Tall, Dorky, and Ham-handed

  7. #7
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    I think there were major differences between those teams and the Bears. The 2006 Rams didn't change the formula ranking 3rd in passing with nearly 4000 yards and 592 passing attempts. Orlovsky was the Lions top QB with Kitna injured and Culpepper as the only other option. The 49ers gave up 18 sacks (of 40 total) in 6 starts to Shaun Hill.

    Sure, they gave up a bunch of sacks too, but for reasons that don't apply to this Bears team unless Cutler and Campbell both get injured. Tice won't be calling for an average of 37 pass attempts per game either.
    The meaning of Life : 101010

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  8. #8
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    I normally dig your "20/20 hindsight; look at the stats; don't account for any other factors" analysis because it can be entertaining.

    I disagree that you can simply say that after Martz left the Rams that their O line didn't improve. Orlando Pace was a shadow of his pro bowl self and couldn't even stay on the field; he only played 9 of the 32 game the two years after Mart left. And I remember many many people saying that he didn't play well enough to even earn that last pro bowl that he was voted in either.

    That is just one factor out of probably over a dozen or more that you simply are overlooking. And while you can ignore extenuating factors in many of your analytical endeavors (success rates of drafts picks from certain slots where talent can outshine poor coaching for example), the answer that you seek concerning the play of the O line is 100% subject to many factors including protection schemes, QB play, play calling, cohesiveness, individual ability, and injuries.
    Odd Facts:

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    When you see little white or clear dots floating in your vision, they are actually your own white blood cells.

  9. #9
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    A guy flips a coin and 9 times in a row it comes up heads. What are his chances that on the 10th flip it will come up heads again?

  10. #10
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    Quote Originally Posted by Lake Shore Drive View Post
    A guy flips a coin and 9 times in a row it comes up heads. What are his chances that on the 10th flip it will come up heads again?
    50/50
    The meaning of Life : 101010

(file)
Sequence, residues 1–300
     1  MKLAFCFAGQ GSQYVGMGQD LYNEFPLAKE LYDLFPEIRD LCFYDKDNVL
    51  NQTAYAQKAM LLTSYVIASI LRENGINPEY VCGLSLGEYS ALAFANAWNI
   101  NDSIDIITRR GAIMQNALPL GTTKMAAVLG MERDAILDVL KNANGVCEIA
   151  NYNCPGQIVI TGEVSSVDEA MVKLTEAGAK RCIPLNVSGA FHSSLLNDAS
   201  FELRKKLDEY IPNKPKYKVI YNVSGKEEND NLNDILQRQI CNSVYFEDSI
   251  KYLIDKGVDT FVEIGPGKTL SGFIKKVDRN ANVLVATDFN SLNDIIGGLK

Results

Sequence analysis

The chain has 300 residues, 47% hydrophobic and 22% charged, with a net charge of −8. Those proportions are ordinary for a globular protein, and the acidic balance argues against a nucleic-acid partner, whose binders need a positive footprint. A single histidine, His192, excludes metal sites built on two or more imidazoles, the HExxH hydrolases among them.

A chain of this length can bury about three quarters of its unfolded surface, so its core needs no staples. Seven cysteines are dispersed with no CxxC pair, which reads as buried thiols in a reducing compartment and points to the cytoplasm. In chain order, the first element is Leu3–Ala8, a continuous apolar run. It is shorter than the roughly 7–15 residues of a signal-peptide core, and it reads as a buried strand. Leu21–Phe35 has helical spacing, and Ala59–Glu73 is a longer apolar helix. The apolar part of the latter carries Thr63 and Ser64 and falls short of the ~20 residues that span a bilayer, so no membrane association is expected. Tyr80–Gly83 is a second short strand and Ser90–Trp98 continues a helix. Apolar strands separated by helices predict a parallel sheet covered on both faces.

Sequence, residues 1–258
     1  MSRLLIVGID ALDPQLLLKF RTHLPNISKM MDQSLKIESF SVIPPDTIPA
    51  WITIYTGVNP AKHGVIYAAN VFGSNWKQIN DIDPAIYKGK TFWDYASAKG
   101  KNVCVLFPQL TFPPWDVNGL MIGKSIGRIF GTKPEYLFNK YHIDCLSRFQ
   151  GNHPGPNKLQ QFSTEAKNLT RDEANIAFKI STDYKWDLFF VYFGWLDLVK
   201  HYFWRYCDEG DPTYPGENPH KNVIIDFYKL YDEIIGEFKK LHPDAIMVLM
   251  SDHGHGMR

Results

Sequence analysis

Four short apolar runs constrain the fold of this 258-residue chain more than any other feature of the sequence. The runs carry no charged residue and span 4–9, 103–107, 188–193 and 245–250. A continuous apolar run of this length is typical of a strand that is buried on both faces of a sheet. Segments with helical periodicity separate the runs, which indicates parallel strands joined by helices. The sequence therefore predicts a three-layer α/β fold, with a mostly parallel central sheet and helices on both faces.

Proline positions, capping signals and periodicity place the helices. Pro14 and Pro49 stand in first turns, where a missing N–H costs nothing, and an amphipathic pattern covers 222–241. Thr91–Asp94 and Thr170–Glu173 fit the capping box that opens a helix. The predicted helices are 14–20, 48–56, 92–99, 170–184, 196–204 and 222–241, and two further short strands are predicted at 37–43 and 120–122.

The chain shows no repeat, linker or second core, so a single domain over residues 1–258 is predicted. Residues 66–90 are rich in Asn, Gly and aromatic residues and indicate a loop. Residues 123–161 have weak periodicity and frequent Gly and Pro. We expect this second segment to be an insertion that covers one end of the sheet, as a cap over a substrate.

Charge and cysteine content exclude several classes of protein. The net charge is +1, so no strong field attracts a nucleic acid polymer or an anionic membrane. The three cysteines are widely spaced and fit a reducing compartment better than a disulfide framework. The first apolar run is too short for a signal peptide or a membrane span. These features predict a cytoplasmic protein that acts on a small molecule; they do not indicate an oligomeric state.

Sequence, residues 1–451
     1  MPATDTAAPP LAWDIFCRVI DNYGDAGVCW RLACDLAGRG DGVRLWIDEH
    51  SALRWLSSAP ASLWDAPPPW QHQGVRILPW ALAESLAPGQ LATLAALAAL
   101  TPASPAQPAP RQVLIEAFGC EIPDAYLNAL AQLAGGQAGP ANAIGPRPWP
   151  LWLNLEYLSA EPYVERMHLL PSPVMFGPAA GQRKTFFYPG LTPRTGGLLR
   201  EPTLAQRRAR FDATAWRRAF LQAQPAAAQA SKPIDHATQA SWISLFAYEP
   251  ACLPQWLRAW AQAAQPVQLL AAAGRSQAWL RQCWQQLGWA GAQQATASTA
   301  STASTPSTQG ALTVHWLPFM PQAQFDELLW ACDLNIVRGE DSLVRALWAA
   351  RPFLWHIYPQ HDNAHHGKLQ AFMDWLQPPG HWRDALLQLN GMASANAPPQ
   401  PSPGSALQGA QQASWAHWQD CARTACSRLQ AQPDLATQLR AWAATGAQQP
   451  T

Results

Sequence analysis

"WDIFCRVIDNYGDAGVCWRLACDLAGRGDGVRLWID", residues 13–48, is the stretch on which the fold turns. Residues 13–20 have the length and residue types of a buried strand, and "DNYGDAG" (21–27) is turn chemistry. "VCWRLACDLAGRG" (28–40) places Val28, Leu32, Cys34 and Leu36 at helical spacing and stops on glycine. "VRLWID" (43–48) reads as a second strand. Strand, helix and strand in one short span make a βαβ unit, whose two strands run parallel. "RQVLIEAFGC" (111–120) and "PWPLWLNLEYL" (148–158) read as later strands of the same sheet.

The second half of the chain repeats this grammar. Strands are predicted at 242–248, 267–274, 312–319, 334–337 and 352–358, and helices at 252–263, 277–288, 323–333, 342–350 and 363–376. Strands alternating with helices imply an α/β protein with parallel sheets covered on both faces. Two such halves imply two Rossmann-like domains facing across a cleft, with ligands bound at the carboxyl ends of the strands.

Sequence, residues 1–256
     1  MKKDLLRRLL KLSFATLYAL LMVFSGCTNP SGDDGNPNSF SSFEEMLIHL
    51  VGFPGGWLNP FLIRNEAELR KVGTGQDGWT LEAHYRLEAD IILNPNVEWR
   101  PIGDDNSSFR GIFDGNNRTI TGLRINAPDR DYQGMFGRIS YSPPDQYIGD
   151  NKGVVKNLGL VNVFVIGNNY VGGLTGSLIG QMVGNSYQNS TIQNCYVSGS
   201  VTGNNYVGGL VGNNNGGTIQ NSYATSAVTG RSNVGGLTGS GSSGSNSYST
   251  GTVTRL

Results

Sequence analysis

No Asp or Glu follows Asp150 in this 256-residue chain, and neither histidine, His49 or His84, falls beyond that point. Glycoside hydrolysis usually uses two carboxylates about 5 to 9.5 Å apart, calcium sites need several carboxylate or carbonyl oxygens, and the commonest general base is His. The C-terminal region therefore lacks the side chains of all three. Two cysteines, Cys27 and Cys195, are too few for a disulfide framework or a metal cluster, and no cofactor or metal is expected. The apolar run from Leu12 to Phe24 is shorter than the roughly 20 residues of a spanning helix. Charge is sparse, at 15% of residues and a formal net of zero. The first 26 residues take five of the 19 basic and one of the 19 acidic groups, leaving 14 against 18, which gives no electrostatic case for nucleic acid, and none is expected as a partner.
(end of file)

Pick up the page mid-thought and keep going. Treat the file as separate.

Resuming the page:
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  11. #11
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    Quote Originally Posted by LT2_3 View Post
    50/50
    Give that man a cigar!!

  12. #12
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    Quote Originally Posted by Lake Shore Drive View Post
    A guy flips a coin and 9 times in a row it comes up heads. What are his chances that on the 10th flip it will come up heads again?
    http://www.stat.sc.edu/~west/javahtm...MakeaDeal.html

  13. #13
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    Quote Originally Posted by janos_51 View Post
    I normally dig your "20/20 hindsight; look at the stats; don't account for any other factors" analysis because it can be entertaining.
    Thank you? I can't tell if you really like it or if you are intentionally giving a backhanded compliment. I'm choosing to think the best.

    I disagree that you can simply say that after Martz left the Rams that their O line didn't improve. Orlando Pace was a shadow of his pro bowl self and couldn't even stay on the field; he only played 9 of the 32 game the two years after Mart left. And I remember many many people saying that he didn't play well enough to even earn that last pro bowl that he was voted in either.

    That is just one factor out of probably over a dozen or more that you simply are overlooking. And while you can ignore extenuating factors in many of your analytical endeavors (success rates of drafts picks from certain slots where talent can outshine poor coaching for example), the answer that you seek concerning the play of the O line is 100% subject to many factors including protection schemes, QB play, play calling, cohesiveness, individual ability, and injuries.